In my work as the Illustrations Editor for the History of Cartography Project, the release of Volume 6, Cartography in the Twentieth Century in the History of Cartography series in April with its 1000+ illustrations over 1900 pages proved a definite highlight with celebrations held in Chicago at AAG and here in Madison. Next for me at the Project will be to procure the images needed for the two remaining volumes, work measured in years as these books will also have over 1000+ images each among their many pages.
As the year drew to a wintery close, I looked back over a fairly productive year. I attended several conferences, including the Midwest Junto for the History of Science here in Madison, the Biennial History of Astronomy Workshop at Notre Dame, and the annual History of Science Society meeting in San Francisco where I organized a session and presented a paper.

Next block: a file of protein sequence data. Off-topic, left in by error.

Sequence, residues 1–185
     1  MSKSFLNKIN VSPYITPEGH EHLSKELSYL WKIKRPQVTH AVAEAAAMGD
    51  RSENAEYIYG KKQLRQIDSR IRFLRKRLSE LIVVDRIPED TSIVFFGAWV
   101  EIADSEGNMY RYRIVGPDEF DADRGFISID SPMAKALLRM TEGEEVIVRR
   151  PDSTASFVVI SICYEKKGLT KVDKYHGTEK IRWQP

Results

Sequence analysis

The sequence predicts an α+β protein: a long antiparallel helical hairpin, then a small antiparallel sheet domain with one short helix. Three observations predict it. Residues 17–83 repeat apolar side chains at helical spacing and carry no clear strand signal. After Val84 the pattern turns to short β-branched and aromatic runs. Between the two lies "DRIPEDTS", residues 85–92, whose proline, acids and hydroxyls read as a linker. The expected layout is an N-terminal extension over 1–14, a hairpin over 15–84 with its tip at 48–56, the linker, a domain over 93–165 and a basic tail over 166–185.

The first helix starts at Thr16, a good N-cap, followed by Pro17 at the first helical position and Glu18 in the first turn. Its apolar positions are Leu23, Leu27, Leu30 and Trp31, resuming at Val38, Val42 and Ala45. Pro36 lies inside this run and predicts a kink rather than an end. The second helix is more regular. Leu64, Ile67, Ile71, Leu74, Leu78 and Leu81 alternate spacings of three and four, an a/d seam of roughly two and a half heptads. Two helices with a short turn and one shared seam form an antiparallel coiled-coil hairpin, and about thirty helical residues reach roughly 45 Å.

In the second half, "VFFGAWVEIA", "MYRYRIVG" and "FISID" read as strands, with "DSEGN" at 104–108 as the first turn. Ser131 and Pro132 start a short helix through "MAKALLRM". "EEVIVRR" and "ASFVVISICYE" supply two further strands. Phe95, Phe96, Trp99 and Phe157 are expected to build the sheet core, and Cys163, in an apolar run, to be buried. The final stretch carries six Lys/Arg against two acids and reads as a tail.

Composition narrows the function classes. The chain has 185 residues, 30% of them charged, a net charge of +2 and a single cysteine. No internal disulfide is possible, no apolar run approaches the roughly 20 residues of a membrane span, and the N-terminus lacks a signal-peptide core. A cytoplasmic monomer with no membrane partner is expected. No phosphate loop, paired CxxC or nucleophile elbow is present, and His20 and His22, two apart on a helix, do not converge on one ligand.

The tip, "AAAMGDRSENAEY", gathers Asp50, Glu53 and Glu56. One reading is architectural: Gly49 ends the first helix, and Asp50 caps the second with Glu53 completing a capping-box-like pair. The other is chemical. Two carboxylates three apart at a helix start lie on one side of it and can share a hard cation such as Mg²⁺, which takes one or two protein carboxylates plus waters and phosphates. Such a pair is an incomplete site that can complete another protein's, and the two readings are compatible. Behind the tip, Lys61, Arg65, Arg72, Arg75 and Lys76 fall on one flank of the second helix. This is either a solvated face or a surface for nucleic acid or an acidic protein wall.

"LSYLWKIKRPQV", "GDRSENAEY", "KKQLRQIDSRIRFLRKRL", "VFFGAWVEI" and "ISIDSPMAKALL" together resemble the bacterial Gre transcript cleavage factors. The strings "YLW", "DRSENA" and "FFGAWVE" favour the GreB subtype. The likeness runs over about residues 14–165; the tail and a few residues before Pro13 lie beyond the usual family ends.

My future plans included giving another dissertation-related talk, titled “To Any Degree” – Jesuit Medical Schools in Nineteenth-Century America, at a conference marking the bicentennial of the Restoration of the Society of Jesus in 1814 to be held in October at Loyola University Chicago. My presentation involves a close look at the first three American Jesuit medical schools – St. Louis, Georgetown, and Creighton – and the way science appeared in their curriculum versus how these institutions dealt with science in their classical education offerings.